A Feb. 18 decision by the Utah Supreme Court means that more than 1,000 patients are free to pursue claims against Salt Lake City cardiologist Sherman Sorensen, who’s been accused of performing hundreds of unnecessary patent foramen ovale (PFO) and atrial septal defect (ASD) closures.
According to the court’s opinion, authored by Associate Chief Justice Thomas Rex Lee, the Utah Supreme Court ruled that a fraud allegation suspended the state’s time limits for medical malpractice, paving the way for countless patients to seek legal action against Sorensen. The case dealt with three separate suits—those of Johannah Bright, Pia Merlo-Schmucker and Lisa Tapp—all of which Sorensen had previously attempted to dismiss.
Bright, Merlo-Schmucker and Tapp were all allegedly treated by Sorensen at Salt Lake City’s St. Mark’s Hospital or Murray’s Intermountain Medical Center between 2008 and 2011, at which point he recommended either PFO or ASD closures for each of them. It’s estimated that around one-quarter of healthy adults have PFO or ASD heart defects, but closure is recommended only rarely, for patients who have experienced recurrent, unexplained strokes as a result of their condition.
Neither Bright, Merlo-Schmucker nor Tapp suffered recurrent strokes or events that would necessitate PFO or ASD closure.
“Sorensen told them the surgeries were necessary to reduce their ‘extreme risk of debilitating stroke’ and that the medical community recommended the procedure for persons in their condition,” Lee’s opinion reads. “The plaintiffs further allege that other physicians raised concerns about Sorensen’s medical practices to IHC and St. Mark’s, complaining that Sorensen was regularly performing unnecessary, invasive cardiac procedures on his patients.”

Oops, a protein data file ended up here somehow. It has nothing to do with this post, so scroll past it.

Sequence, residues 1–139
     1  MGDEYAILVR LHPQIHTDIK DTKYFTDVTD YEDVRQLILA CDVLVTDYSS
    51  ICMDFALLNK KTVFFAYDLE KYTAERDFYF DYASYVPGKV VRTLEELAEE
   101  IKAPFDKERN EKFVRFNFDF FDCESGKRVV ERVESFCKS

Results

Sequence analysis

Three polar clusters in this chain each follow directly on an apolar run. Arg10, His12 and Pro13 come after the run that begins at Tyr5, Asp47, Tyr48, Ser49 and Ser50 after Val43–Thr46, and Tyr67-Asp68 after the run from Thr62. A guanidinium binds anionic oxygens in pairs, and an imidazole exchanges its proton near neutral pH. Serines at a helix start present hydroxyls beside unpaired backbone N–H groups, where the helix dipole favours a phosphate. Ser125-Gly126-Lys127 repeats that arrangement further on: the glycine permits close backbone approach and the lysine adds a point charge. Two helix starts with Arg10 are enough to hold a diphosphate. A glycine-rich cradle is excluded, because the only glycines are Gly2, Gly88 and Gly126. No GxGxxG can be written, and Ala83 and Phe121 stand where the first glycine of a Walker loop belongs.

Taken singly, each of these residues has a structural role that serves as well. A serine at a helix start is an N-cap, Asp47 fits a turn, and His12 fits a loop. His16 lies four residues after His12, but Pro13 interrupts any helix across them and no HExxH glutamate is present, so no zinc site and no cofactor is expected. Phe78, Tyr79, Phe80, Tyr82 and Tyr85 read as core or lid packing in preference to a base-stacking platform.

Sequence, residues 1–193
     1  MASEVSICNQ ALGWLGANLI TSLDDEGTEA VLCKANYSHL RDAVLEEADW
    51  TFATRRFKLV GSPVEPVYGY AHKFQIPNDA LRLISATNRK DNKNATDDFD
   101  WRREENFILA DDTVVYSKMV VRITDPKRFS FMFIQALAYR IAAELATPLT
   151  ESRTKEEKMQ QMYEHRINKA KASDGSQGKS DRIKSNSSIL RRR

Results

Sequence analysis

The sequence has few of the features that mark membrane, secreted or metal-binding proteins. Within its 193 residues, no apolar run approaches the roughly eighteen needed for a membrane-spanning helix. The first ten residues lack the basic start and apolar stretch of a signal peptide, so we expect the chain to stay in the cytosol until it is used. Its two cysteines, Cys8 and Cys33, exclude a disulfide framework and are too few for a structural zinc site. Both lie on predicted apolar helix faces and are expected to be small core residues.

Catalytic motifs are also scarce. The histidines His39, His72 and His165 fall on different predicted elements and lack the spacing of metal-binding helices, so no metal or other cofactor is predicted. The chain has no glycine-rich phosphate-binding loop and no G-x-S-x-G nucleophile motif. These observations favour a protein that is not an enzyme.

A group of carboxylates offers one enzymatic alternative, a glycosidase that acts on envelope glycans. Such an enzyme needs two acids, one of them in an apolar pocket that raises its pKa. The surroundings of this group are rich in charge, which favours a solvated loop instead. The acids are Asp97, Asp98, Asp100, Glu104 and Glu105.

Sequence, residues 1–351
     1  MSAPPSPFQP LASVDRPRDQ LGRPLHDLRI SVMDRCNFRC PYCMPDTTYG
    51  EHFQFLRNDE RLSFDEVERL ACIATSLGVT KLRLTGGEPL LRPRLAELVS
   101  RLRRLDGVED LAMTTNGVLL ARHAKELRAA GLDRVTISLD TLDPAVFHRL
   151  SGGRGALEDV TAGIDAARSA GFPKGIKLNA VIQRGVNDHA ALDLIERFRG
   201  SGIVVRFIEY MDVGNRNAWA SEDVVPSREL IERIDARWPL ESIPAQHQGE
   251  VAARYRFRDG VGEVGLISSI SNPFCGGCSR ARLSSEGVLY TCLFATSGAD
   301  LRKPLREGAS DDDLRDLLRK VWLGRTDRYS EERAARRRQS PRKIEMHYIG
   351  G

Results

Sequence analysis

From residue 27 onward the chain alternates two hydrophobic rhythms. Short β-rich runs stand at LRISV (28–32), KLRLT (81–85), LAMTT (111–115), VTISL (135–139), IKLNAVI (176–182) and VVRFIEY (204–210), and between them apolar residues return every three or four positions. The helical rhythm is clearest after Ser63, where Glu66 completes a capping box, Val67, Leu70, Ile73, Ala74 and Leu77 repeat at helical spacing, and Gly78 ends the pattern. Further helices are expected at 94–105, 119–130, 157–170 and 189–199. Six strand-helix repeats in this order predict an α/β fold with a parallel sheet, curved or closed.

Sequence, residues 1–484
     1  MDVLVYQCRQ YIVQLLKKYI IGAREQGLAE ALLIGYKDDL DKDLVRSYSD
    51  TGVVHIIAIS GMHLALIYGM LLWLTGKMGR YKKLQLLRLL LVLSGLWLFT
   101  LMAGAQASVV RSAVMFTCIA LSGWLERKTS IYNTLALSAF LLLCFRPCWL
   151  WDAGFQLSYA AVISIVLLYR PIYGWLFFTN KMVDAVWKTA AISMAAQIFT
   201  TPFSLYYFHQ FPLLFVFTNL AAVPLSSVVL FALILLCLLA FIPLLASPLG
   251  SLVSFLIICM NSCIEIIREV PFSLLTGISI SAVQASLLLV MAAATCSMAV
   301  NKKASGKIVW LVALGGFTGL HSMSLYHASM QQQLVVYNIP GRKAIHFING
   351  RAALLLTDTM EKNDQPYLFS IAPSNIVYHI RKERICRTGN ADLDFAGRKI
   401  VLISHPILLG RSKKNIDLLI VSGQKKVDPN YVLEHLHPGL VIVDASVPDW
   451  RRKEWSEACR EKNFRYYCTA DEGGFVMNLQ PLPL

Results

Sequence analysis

Between 2002 and 2012, Sorensen held privileges at a handful of Salt Lake City area hospitals, including St. Mark’s and Intermountain Medical Center. During that time, it’s estimated that he performed PFO and ASD closures on around 4,000 patients.
“Bright, Merlo-Schmucker and Tapp join more than a thousand other patients with pending medical malpractice actions against Sorensen and the hospitals where he performed PFO and ASD closures,” Lee wrote. “The claims are similar, and in the cases consolidated before us, substantially the same.”
It’s been around a decade since Bright, Merlo-Schmucker and Tapp underwent their procedures, but, according to the court, they only realized they might have undergone an unnecessary CV intervention once they saw advertising by a medical malpractice attorney in 2017. Sorensen fought back, claiming the plaintiffs sued outside of a two-year limitations period and four-year response period, but the Utah Supreme Court ruled those limitations didn’t apply here.
“We accordingly remand for further proceedings consistent with this opinion,” Lee wrote. “In remanding we are not endorsing the timeliness of plaintiffs’ claims under the ‘fraudulent concealment’ exception. We are simply upholding the plaintiffs’ opportunity to develop and present evidence in support of this exception, through discovery and subject to further motions under applicable rules of civil procedure.”